1. Whether the Court Can Entertain Gordon Trucking's Second Removal

a. Legal Standard Governing Successive Removals

Leon first contends that the court lacks jurisdiction to entertain Gordon Trucking's successive removal. When a case is remanded for lack of subject matter jurisdiction, § 1446(d) bars review of the remand order " on appeal or otherwise." 28 U.S.C. § 1446(d); Kircher v. Putnam Funds Trust, 547 U.S. 633, 640, 126 S.Ct. 2145, 165 L.Ed.2d 92 (2006) (" [W]e have relentlessly repeated that 'any remand order issued on the grounds specified in § 1447(c)[19] [is immunized from all forms of appellate review], whether or not that order might be deemed erroneous by an appellate court.'" (alterations original)). " This language has been universally construed to preclude not only appellate review but also reconsideration by the district court." Seedman v. U.S. Dist. Ct. for Cent. Dist. of Cal., 837 F.2d 413, 414 (9th Cir. 1988). " In light of the prohibition against review of a remand order in § 1[4]46(d), once a district court has remanded a case, a defendant generally may not remove the case to federal court a second time." Lodi Mem'l Hosp. Ass'n, Inc. v. Blue Cross of California, No. CIV. 12 1071 WBS GGH, 2012 WL 3638506, *3

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(E.D. Cal. Aug. 22, 2012) (citing In re La Providencia Dev. Corp., 406 F.2d 251, 252 (1st Cir. 1969) (" [T]he state court proceedings are to be interfered with once, at most. This is not only in the interest of judicial economy, but out of respect for the state court and in recognition of principles of comity. The action must not ricochet back and forth depending upon the most recent determination of a federal court" ).

Stated differently, " a party is not entitled to file a second notice of removal upon the same grounds where the district court previously remanded the action." Allen v. UtiliQuest, LLC., No. CV 13-4466 SBA, 2014 WL 94337, *2 (N.D. Cal. Jan.9 2014) (citing St. Paul & C. Ry. Co. v. McLean, 108 U.S. 212, 217, 2 S.Ct. 498, 27 L.Ed. 703 (1883) (" Assuming that the second petition for removal was filed before or at the term at which the cause could have been tried in the state court, we are of opinion that a party is not entitled, under existing laws, to file a second petition for the removal upon the same grounds, where, upon the first removal by the same party, the federal court declined to proceed and remanded the suit, because of his failure to file the required copy within the time fixed by the statute" )); see also Seedman, 837 F.2d at 414 (" Once a district court certifies a remand order to state court it is divested of jurisdiction and can take no further action on the case. Contrary to respondent's position, a second removal petition based on the same grounds does not 'reinvest' the court's jurisdiction. A remand order returns the case to the state courts and the federal court has no power to retrieve it. As the statute makes clear, if the remand order is based on section 1447(c), a district court has no power to correct or vacate it" ); see also Andersen v. Schwan Food Co., No. CV 13-02208 JGB, 2014 WL 1266785, *4 (C.D. Cal. Mar. 26, 2014) (same).[20]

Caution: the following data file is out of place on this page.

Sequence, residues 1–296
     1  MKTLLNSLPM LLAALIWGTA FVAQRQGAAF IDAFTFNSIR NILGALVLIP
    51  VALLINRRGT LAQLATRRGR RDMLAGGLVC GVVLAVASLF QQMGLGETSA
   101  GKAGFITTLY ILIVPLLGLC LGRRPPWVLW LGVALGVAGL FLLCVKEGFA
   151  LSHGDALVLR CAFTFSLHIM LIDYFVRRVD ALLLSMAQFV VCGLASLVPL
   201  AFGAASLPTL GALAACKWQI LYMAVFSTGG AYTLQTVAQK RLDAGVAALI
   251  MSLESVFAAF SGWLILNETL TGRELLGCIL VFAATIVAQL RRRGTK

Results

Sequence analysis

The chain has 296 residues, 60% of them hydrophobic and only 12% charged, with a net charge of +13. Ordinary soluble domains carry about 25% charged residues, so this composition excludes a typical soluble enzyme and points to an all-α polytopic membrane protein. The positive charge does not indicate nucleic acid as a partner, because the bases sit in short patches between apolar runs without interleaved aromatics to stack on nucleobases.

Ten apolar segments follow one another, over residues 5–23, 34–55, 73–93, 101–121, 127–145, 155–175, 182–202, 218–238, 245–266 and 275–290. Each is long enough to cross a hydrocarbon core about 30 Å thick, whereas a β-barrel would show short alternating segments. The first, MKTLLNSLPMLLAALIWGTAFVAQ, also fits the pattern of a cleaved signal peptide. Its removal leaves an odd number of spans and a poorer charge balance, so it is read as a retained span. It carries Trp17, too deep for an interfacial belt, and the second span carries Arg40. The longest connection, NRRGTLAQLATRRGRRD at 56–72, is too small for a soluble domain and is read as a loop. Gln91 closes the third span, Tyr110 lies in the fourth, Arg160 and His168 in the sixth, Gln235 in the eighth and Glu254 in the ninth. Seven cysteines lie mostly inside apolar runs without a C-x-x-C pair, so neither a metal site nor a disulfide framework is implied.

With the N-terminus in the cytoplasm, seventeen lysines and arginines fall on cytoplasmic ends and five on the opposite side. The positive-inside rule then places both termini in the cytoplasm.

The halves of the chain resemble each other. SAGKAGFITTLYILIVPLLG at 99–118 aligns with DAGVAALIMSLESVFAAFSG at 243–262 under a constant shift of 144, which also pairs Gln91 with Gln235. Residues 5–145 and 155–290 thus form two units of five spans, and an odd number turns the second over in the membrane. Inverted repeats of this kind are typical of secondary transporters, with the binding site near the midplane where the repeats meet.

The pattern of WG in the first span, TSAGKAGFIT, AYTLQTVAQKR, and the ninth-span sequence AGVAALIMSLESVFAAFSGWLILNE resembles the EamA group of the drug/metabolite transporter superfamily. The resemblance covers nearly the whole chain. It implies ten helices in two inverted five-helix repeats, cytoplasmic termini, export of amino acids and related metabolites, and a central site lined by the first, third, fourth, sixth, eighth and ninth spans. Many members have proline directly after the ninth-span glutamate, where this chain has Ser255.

This general prohibition on successive removals, however, does not apply " when subsequent pleadings or events reveal a new and different ground for removal." Kirkbride v. Continental Casualty Co., 933 F.2d 729, 732 (9th Cir. 1991) (quoting FDIC v. Santiago Plaza, 598 F.2d 634, 636 (1st Cir. 1979) (emphasis original)); Andersen, 2014 WL 1266785 at *5 (" Thus, the court recognized that the information required for removal was available to Defendants at the time of the first removal as it was 'uniquely within the records of Schwan.' . . . Accordingly, Defendants have not demonstrated that their 'second notice of removal is based on newly discovered facts not available at the time of the first removal,' and thus their successive removal is improper" ); Sweet v. United Parcel Serv., Inc., CV No. 09-02653 DDP,